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What does the Fed rate hike mean for farm country?

A chat with Farm Credit Mid-America’s Matt Montiero

On Dec. 14, the Federal Reserve raised interest rates for the first time since 2008. The hike is expected to be followed by three more in 2017 and forecasts claim this will mean higher borrowing costs in the near future.

Two days after the Fed’s action, Matt Montiero, Senior Vice President and treasurer for Farm Credit Mid-America, spoke with Delta Farm Press about what happened in 2016 and expectations for the new year. Among his comments:

On what 2016 brought farm country…

“In very broad strokes, the lower crop prices haven’t helped with farm income. Of course, that income hasn’t been as strong as in past years when we were at the peak of the ag cycle.

“Sentiments for the next few years are that we’ll remain in that same kind of environment. We don’t see an immediate rebound to crop prices.

“We don’t do any of our own internal forecasting – this is just looking at USDA predictions on crop prices and other external sources.

“Land prices, though, have held pretty firm, all things considered.”

Interest rates

On 2016 interest rates…

“As for interest rates, for a while we expected several increases over the course of the year. We ended up just having the one that was announced Wednesday.

“That was part of an upside, a pleasant surprise to many although it was because the economy wasn’t recovering as fast as the Fed would have liked. But at least the rates, on the short end of the curve, were held low.

“We did see some pleasant surprises in dips in 10-year Treasury, particularly in the June/July timeframe. The 10-year Treasury hit record lows so we were able to see a revival of customers converting. That is something unique to Farm Credit Mid-America in that we’re able to offer conversions to customers that most lenders don’t.

“A lot of folks in agriculture have really prepared for this downturn. One of our specialties is long-term fixed rates. The customers have had extended periods of time to fix their rate, and most have. Many are now positioned going into what may be tighter farm incomes.”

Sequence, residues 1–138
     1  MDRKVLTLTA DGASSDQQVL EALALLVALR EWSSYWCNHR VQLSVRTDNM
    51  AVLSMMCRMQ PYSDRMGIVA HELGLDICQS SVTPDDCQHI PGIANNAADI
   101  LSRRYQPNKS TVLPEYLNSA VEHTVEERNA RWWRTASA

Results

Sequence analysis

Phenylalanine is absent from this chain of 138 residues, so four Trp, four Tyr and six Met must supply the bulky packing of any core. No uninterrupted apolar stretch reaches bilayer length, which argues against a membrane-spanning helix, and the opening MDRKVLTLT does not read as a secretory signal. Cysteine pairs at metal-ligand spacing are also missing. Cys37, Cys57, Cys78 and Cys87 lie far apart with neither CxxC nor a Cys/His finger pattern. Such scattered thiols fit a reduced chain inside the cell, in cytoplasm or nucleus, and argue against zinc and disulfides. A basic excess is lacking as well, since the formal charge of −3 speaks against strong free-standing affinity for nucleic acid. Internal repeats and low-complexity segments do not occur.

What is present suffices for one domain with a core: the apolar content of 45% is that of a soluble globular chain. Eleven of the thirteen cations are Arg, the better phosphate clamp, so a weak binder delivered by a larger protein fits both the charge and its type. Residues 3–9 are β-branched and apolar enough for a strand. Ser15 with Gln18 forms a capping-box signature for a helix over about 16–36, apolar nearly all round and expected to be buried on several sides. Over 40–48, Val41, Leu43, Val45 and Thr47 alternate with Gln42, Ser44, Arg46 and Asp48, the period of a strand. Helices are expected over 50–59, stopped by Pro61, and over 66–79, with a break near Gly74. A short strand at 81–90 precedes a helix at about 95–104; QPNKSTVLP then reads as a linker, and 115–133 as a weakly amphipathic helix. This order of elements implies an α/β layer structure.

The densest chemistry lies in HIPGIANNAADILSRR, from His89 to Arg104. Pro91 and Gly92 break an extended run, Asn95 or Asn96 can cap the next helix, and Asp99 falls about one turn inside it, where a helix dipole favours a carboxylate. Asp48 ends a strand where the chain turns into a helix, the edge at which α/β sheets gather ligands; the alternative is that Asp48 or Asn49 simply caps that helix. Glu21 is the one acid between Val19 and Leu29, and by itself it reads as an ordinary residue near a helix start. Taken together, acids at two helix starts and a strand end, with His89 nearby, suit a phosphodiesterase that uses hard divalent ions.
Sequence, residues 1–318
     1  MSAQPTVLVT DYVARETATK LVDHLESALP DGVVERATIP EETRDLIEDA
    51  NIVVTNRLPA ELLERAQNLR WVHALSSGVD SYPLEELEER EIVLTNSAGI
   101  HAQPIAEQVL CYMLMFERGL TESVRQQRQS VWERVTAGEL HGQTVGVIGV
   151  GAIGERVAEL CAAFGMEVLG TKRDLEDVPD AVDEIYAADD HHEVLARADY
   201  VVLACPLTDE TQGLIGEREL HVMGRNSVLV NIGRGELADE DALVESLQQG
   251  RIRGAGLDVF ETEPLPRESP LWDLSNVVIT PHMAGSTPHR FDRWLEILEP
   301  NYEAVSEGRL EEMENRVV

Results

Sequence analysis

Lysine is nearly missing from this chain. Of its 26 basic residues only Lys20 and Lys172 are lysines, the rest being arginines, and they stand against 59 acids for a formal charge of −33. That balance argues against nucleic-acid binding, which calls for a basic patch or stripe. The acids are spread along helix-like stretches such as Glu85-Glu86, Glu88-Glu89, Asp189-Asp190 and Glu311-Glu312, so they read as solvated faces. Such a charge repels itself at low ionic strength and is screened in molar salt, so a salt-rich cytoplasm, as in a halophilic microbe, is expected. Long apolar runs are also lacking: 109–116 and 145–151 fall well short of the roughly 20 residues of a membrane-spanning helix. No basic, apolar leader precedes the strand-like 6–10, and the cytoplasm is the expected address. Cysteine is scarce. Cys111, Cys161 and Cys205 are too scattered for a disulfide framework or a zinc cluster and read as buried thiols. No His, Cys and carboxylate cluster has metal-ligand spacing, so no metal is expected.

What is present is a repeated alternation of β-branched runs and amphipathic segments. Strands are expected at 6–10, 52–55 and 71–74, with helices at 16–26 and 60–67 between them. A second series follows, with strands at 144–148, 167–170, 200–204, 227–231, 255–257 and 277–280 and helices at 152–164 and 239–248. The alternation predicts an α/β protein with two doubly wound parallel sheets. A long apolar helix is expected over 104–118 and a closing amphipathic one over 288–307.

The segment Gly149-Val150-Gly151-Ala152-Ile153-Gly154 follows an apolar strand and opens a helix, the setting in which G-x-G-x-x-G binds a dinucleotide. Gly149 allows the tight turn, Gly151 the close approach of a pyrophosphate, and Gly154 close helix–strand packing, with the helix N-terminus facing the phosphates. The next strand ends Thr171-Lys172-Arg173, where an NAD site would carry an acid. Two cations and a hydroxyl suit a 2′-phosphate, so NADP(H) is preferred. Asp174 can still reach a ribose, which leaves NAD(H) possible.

The Trump factor

The general sense among lenders with the incoming Trump administration? Any impact from the trade deals he wants to kill or renegotiate?

“What we’ve seen from the election … is about a 50 basis point increase in the 10-year, benchmark Treasury. That’s due to expectations of higher growth and spending based on stated policies of Donald Trump. Of course, it remains a ‘wait and see’ for what happens once he takes office. Will he take action to lower taxes? Increase infrastructure spending? Defense spending?

“There’s at least a belief that inflation and growth will pick up. That also brings an expectation the Fed could raise rates at a quicker pace. They’d want to make sure inflation doesn’t get out of control – and that can happen quickly.

“Even (Fed chairwoman) Janet Yellen said they’re taking a ‘wait and see’ approach. There is no predetermined course on the actions they’ll take, they’ll be data-driven. So, they’re looking closely at things like the employment rate, GDP and inflation. Those have improved in the past few months so they stuck with the December rate increase.

“Currently, they’re looking at three rate increases for 2017. Again, those will depend on what actually happens and what Trumps’ actual policies are.”

Balance sheets

More on money available to farmers…

“When you talk about banks and the availability of loans for farmers, that’s where the farm credit system differs. Banks will move in and out of lending as agriculture is hot or unattractive.

“The reason Farm Credit Mid-America (a member-owned cooperative) was formed in 1916 was to ensure the availability of credit at all times. We’re here for the long-term and will remain in agriculture. Our financial strength is extremely strong moving into this downturn.

“Even with some of the government payments that have gone out in the last few months, we’ve seen customers tightening up their balance sheets. That’s a good thing to see. They’re paying down lines of credit so they’ll have some capacity to borrow when the opportunity comes.”

On common questions…

“We get questions on what we expect interest rates to do in the future. … Trying to predict interest rates is like trying to predict what crop prices will do. You may have a better picture over the long-term. With crop prices as low as they are, you’d think the longer-term picture would be brighter than the extreme short-term.”

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